Defensive Line

Starters: NT Brandon Williams, DE Willie Henry, DE Brent Urban
Backups: DL Bronson Kaufusi, DE Chris Wormley, NT Michael Pierce, NT/DE Carl Davis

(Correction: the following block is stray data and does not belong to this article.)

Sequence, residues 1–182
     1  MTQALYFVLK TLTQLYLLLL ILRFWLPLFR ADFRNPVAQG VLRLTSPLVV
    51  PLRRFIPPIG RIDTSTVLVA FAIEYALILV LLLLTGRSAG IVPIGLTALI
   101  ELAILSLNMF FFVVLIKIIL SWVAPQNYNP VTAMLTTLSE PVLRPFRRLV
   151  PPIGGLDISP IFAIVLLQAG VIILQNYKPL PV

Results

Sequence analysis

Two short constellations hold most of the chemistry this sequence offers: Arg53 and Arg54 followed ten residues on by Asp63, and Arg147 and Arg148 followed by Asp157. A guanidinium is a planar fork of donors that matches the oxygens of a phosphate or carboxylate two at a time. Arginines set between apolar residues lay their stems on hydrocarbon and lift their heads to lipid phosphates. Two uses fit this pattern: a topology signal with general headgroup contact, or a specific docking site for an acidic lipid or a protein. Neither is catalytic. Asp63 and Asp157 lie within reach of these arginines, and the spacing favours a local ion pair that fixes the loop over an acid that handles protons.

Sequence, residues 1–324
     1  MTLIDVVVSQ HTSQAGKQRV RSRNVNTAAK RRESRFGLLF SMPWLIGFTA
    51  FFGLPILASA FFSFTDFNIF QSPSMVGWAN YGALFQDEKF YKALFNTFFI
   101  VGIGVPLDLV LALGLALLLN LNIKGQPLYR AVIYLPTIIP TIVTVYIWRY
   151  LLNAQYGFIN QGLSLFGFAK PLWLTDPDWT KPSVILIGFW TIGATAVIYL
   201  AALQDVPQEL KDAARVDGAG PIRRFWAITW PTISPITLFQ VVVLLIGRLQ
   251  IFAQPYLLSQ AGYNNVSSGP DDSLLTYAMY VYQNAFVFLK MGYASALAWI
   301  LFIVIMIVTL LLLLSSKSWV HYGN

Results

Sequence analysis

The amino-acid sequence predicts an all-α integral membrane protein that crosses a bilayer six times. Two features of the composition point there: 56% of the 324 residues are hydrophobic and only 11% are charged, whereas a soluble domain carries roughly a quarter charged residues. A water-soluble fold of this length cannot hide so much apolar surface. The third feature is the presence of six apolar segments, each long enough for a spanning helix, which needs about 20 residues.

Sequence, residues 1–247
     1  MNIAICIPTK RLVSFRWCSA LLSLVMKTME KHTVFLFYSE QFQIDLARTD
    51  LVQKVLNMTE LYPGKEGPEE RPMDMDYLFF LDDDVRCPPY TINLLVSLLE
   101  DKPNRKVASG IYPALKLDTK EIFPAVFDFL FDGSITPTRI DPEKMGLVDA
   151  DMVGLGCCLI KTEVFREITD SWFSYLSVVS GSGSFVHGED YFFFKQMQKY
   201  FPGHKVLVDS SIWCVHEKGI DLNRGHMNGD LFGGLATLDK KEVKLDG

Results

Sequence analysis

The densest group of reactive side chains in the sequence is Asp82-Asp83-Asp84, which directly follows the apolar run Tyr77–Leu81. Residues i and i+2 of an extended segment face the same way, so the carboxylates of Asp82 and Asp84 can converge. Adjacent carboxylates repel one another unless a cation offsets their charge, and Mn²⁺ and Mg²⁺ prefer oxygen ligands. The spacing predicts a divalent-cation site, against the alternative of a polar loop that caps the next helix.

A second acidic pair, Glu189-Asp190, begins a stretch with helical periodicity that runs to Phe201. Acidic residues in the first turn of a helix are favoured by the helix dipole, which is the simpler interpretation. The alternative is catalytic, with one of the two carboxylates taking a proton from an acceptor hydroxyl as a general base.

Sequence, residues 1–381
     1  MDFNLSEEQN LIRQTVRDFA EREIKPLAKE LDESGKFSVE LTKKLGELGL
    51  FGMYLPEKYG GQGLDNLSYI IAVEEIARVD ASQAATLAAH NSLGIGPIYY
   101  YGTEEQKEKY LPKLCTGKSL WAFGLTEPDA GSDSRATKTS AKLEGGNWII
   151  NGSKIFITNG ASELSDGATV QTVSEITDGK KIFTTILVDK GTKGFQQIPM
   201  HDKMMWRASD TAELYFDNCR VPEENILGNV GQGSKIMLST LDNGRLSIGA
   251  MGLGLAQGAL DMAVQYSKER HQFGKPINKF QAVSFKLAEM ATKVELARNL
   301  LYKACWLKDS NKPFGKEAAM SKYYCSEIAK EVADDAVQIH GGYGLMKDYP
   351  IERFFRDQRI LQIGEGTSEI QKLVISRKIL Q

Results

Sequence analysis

Starting DL: Perspective is everything when talking about the Ravens defensive line. For those looking at sacks and quarterback pressure as a measuring stick, there is nothing to get excited about. As a unit this group recorded 5 sacks in 2017 with Willie Henry accounting for 3.5 of them. Looking at the responsibilities of the linemen in Baltimore's overall scheme casts a different light however. The Ravens defensive success is predicated on the linebackers being able to flow and make plays. Thus the most important job of the defensive line is to soak up blockers and force ball carriers off their preferred path. From that perspective this is a rather solid unit. Brandon Williams is the listed starter at nose tackle but Michael Pierce also has a major role. Both are 340 pound road blocks with the ability to hold ground even against double teams. Their play contributed greatly to inside linebacker C.J. Mosley tying for the league lead in tackles last season. In a different scheme Willie Henry might make a much more significant statistical contribution. In Baltimore's 3-4 he is a strong 2-gap end that can push the pocket on passing downs and clog the lanes versus the run. The second year pro became a starter in week three of his rookie season and has a bright future. Brent Urban has struggled to stay on the field during his three years in the league. He is not a flashy player but when healthy Urban has played a significant part as a run defender. He is currently penciled in as a starter but will need a strong camp to solidify the job ahead of Carl Davis, Chris Wormley and Bronson Kaufusi.